City Board Defers Action On Resolutions Dealing With City Parking Lot On King Street That Developer Wants

Monday, December 4, 2017

A city board on Monday deferred action on two resolutions related to a city parking lot on King Street that a nearby developer said is needed for a major project.

The resolutions in front of the Chattanooga Downtown Redevelopment Corporation board called for the city to withdraw a Request for Proposals related to the city parking lot. A second resolution called for the city to transfer the parking lot to the city's Industrial Development Board.

City staff said some issues that had been raised recently surrounding the lot needed to be researched.

However, City Council Chairman Jerry Mitchell made a motion to defer and it passed.

Developer Hiren Desai has begun work on a new Moxie Hotel near the intersection with South Market Street and on converting a former warehouse at the site to new uses.

The King Street lot was in the news when the city initially planned to sell it to developer Desai for less than the city paid for it in 2007.

The city was also to pay the developer for some city vehicles to continue to use the lot.

That proposal was withdrawn and a higher appraisal was secured for the property.

The watchdog group, Accountability for Taxpayer Money, recently had this analysis of the King Street parking lot transfer:

The Mayor’s staff asked City Council to declare “surplus” a heavily used city parking lot on King Street so they could transfer title to the Chattanooga Downtown Redevelopment Corporation (CDRC). This city entity then issued a request for proposals (not a bid) to sell the parcel. Two corporations responded to the RFP. The CDRC was prepared to sell to their preferred proposer (Seaford Investments LLC/Hiren Desai) at a price much less than the city had paid for it in 2007 and well below its current market value. The public got wind of this plan, an appraisal was done, and the price nearly doubled. The Berke Administration is now asking the CDRC to execute a quitclaim deed to transfer the property to the City Industrial Development Board (IDB). A resolution authorizing this transaction is on the December 4th CDRC agenda.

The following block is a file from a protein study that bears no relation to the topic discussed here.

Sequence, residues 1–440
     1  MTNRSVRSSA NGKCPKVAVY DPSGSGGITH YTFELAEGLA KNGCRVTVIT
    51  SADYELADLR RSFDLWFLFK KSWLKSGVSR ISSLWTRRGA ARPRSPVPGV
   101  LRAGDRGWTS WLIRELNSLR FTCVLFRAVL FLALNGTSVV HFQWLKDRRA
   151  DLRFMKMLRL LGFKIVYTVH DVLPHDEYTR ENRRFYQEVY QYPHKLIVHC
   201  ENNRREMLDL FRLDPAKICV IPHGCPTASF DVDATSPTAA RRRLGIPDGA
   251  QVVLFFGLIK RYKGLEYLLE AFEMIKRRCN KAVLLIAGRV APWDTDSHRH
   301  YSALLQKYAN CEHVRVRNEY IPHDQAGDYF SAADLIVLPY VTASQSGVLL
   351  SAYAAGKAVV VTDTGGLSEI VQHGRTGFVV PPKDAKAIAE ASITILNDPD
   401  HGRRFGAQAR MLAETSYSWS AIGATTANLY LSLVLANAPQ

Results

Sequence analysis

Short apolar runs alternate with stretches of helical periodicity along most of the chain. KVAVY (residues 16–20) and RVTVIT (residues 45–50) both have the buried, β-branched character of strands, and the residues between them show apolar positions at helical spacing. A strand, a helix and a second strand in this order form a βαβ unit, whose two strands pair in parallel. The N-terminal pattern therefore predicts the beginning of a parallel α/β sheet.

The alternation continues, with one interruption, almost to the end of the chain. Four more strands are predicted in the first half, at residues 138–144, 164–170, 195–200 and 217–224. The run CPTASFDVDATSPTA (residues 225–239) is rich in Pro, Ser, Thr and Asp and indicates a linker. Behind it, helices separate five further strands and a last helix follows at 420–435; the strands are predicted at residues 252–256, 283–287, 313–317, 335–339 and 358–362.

City Council—July 26, 2016

Nick Wilkinson, Deputy Administrator of Economic Development in the Mayor’s Office, gave a visual presentation. (No one at City Hall can find the PowerPoint and the video of that meeting begins after his presentation.) Through an Open Records request, ATM obtained an audio recording. Here are the highlights:

·         In response to a question by Councilman Henderson on why the city is being asked to declare the property surplus, Mr. Wilkinson said it was because it presents an exciting potential for redevelopment. He acknowledged that the city had been talking for a “couple of years” to the developer (Mr. Desai) who owns adjacent property that he plans to develop. Mr. Wilkerson said the City would be taking a currently underutilized piece of property and making it surplus in order to enter into an agreement to facilitate the adjoining development. (These statements alone suggest that the City had already decided who would ultimately own the property.)

·         He said the existing use (parking) of the property would be maintained. He said the developers plan 300 spaces at their expense and that “75 presumably would be usable by the City at no expense.”

·         Councilman Henderson asked how the property would be transferred. Mr. Wilkerson’s response suggested that Administration had not yet decided whether it would be sold or leased. Mr. Wilkerson represented that any future parking structure would “add to the tax rolls.”

·         This parking lot was purchased in 2007 for $195,00 from local historic architect/developer Thomas Johnson to relieve a parking issue at the city/county Development Resources Center across the street. City fleet and employee vehicles fill this lot every day. There are about 75-80 spaces. Mr. Wilkerson did not make Council aware of the current usage.

·         Why was the City Council asked to transfer the property to the CDRC when the City Council has the same authority it does? The somewhat cynical but likely accurate ATM response is that the CDRC can do things under the radar screen since so few people know the board even exists.

CDRC-2017

January 19—In response to a question from ATM, Board President Daisy Madison (also City Finance Director) said there are plans to issue an RFP for lease of the property.

January 21— Board member Stacy Richardson (also Mayor Berke’s Chief of Staff) tells Times Free Press that the RFP will be competitively bid and that the CDRC will vote on the final terms of any agreement--whether it be lease or sale.

February 6—Two ATM members meet with Stacy Richardson in her office. She said the RFP would be to sell, with a possible lease back to City for parking spots. (What happened to Mr. Wilkerson’s representation to Council that the 75 or so city parking spots “presumably would be usable by the city at no cost”?)

February 22—CDRC passes resolution Authorizing the Issuance of an RFP for 1200 King St. for the Development of a Parking Garage to Facilitate Economic Growth in the Area. The RFP attached to the Resolution is for the purchase of the property. Narrative says the CDRC is looking for a qualified entity to purchase the property, lease a certain number of spaces back to the CDRC for a period of time to be determined (when? by whom?) for the purpose of fleet parking, and, “ultimately, build a parking structure on the parcel within a number of years to be determined upon negotiation of the final agreement.